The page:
If my story struck a chord with you, take this as a sign that the right career and company is out there! If you had told me three years ago where I would be in my professional life, I might not have believed you. All I knew was that it was time for me to take my life into my own hands and find my happiness. When searching for a job, I would encourage you to really look at the company culture of your potential employer. Look at who is part of the Leadership/Executive Team- are those the people you want mentoring you? Will they support you, encourage you, and provide the tools for you to grow in your career? Take a leap of faith- change is not easy but it brought me to a company where I feel supported, heard, and made to feel like my opinions matter. Everyone deserves to feel this way in their career, and I hope you can all find your own SMARTCAP.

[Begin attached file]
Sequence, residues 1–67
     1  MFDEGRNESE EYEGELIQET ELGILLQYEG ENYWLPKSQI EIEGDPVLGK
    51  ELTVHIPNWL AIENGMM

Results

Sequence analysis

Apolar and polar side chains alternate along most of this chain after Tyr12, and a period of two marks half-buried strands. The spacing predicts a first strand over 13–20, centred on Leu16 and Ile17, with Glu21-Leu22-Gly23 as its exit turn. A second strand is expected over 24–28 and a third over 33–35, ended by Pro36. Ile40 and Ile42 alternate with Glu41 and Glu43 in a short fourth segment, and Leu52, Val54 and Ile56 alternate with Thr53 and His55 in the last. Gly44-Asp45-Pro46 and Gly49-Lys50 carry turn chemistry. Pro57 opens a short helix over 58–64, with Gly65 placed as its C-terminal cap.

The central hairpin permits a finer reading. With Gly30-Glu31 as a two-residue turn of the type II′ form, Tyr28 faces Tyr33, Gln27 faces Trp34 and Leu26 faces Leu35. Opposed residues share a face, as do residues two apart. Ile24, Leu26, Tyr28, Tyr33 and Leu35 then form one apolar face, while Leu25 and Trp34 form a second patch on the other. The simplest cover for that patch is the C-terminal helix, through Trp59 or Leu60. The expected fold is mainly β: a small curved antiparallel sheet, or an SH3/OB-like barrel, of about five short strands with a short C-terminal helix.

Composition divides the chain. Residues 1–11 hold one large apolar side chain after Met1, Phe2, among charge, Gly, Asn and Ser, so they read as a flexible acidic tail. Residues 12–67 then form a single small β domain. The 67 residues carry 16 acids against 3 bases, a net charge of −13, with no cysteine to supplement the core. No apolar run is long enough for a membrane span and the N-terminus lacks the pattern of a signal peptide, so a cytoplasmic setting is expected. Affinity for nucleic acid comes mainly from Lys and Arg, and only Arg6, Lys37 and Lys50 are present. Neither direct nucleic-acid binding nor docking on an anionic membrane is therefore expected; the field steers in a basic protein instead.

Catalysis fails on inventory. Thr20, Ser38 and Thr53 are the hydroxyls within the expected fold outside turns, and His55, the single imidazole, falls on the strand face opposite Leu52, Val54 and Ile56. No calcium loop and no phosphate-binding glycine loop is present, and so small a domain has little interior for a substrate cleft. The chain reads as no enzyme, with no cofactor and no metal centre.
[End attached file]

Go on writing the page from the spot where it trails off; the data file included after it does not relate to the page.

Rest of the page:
TAGS: Musings